Authorities warn filmmakers, athletes, musicians and actors, who have backed demonstrations against the custodial death of Mahsa Amini, against fanning the "flames of the riots."
Iran has stepped up pressure on celebrities and journalists over the wave of women-led protests sparked by outrage over the death of Mahsa Amini after she was arrested by the country's police.
Filmmakers, athletes, musicians and actors have backed the demonstrations, and many saw it as a signal when the national football team remained in their black tracksuits when the anthems were played before a match in Vienna against Senegal.
"We will take action against the celebrities who have fanned the flames of the riots," Tehran provincial governor Mohsen Mansouri said, according to the ISNA news agency.
Iran's judiciary chief Gholamhossein Mohseni Ejei similarly charged that "those who became famous thanks to support from the system have joined the enemy when times are difficult".
The warnings came after almost two weeks of protests across Iran and a deadly crackdown that human rights group Amnesty International says has been marked by "ruthless violence by security forces".
Fars news agency has said "around 60" people had been killed.
Oslo-based group Iran Human Rights has reported a death toll of at least 83 people, including children.
Iran blames outside forces
Public anger flared after Amini, a 22-year-old Kurdish woman, died on September 16, three days after her arrest for allegedly breaching Iran's strict rules for women on wearing hijab headscarves and modest clothing.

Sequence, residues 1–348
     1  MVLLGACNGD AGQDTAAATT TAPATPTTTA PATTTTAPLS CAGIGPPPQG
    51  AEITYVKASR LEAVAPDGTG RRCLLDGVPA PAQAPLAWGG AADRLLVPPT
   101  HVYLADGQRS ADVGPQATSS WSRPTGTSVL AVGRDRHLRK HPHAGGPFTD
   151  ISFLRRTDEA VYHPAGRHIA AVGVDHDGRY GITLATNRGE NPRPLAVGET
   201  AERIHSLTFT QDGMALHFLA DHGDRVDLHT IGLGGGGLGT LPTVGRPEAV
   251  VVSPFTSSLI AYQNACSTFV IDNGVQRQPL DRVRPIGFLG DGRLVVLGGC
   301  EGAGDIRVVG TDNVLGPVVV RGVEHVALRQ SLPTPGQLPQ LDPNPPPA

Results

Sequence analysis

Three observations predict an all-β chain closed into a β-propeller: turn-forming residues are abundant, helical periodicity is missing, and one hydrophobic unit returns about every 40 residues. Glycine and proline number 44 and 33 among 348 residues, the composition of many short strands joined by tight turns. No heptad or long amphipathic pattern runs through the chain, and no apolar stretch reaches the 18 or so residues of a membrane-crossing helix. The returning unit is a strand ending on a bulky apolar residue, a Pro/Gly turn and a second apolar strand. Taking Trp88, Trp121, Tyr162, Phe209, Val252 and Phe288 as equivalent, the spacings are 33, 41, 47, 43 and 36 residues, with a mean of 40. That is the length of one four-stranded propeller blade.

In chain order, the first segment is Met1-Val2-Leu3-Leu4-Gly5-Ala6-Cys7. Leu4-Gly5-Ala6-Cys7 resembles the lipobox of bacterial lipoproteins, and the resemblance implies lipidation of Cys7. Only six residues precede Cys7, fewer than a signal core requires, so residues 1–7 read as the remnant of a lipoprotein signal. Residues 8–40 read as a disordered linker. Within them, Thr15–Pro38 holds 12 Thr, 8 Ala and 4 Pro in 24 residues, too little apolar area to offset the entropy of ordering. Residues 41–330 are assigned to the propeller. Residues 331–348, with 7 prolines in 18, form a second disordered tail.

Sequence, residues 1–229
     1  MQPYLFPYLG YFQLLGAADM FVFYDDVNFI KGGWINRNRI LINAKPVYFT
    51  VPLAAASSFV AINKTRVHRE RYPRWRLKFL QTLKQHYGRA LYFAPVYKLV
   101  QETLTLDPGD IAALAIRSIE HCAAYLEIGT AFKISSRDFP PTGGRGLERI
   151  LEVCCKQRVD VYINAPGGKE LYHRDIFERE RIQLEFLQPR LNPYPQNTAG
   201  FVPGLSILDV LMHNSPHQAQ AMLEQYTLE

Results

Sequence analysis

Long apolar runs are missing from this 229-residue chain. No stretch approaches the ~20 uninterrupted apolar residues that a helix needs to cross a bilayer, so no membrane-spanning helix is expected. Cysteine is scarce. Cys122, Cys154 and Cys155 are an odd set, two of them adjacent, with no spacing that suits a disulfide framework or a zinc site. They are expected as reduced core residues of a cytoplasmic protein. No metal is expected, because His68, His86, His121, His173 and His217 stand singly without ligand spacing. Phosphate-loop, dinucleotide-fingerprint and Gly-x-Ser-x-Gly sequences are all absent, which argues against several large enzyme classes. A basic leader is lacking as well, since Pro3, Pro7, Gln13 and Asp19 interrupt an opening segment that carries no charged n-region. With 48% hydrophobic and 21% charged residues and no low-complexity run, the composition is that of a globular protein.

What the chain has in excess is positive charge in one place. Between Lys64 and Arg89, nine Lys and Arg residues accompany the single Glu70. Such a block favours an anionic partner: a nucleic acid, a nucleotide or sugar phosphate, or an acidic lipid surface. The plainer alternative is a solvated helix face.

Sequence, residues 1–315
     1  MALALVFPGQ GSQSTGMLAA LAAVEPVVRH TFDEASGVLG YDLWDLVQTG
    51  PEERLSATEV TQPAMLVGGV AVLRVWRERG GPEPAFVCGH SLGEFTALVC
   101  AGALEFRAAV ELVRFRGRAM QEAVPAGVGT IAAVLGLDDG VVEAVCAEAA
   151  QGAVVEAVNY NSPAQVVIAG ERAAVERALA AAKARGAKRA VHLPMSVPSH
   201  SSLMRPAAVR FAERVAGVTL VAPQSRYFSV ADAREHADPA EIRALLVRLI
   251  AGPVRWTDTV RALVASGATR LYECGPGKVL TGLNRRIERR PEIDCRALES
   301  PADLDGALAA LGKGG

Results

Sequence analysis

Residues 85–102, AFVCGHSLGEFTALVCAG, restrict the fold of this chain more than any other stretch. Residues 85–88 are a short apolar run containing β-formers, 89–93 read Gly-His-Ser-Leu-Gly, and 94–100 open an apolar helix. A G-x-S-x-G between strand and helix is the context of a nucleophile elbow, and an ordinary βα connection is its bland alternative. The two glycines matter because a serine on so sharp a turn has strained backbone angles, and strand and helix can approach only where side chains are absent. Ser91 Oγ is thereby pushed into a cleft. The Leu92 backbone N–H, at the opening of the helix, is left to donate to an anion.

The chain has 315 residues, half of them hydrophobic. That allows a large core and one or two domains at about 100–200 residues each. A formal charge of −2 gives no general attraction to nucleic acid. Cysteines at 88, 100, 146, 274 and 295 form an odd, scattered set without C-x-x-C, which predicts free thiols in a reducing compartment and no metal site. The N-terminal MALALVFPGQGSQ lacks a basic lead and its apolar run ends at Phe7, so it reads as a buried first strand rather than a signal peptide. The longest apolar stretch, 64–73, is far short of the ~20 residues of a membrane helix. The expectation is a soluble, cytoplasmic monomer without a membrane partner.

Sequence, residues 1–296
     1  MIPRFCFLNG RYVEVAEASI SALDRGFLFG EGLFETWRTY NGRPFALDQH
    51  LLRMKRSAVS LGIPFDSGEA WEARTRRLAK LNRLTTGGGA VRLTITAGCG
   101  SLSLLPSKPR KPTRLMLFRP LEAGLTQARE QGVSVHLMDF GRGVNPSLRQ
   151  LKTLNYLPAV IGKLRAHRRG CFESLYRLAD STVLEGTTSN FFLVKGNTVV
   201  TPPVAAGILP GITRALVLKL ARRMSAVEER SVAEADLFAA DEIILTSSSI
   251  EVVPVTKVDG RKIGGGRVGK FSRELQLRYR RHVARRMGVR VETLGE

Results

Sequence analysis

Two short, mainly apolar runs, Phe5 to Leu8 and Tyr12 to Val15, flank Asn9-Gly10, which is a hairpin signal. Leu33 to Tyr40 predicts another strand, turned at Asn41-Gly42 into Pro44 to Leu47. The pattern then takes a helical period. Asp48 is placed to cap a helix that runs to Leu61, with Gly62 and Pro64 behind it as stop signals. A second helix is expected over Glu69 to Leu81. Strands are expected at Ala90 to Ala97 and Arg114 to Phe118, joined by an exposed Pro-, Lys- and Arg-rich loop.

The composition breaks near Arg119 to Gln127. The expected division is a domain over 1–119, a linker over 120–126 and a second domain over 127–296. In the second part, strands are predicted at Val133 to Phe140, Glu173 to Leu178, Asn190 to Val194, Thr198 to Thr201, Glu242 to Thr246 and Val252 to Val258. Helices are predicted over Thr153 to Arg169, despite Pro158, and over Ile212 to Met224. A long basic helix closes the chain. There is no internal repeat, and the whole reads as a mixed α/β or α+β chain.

"Woman, Life, Freedom!" protesters have chanted ever since, in Iran's biggest demonstrations in almost three years, in which women have defiantly burned their headscarves and cut their hair.
President Ebrahim Raisi warned that, despite "grief and sorrow" over Amini's death, public security "is the red line of the Islamic Republic of Iran and no one is allowed to break the law and cause chaos".
Iran on Thursday slammed "interference" in its internal affairs by France over a statement in support of the protests, having earlier complained to Britain and Norway.
Solidarity protests with Iranian women have been held worldwide, and rallies are planned in 70 cities on Saturday.
Iran has blamed outside forces, including the US, for the protests and on Wednesday launched cross-border missile and drone strikes that killed 13 people in Iraq's Kurdistan region, accusing armed groups based there of fuelling the unrest.
The US on Thursday said one of its citizens had been killed in the Iranian strikes, separately announcing the fresh enforcement of sanctions on Tehran's oil sales.
Foreign Minister Hossein Amir-Abdollahian said he told Western diplomats at recent UN meetings that the protests were "not a big deal" for the stability of the country.
"There is not going to be regime change in Iran," he told National Public Radio in New York on Wednesday. "Don't play to the emotions of the Iranian people."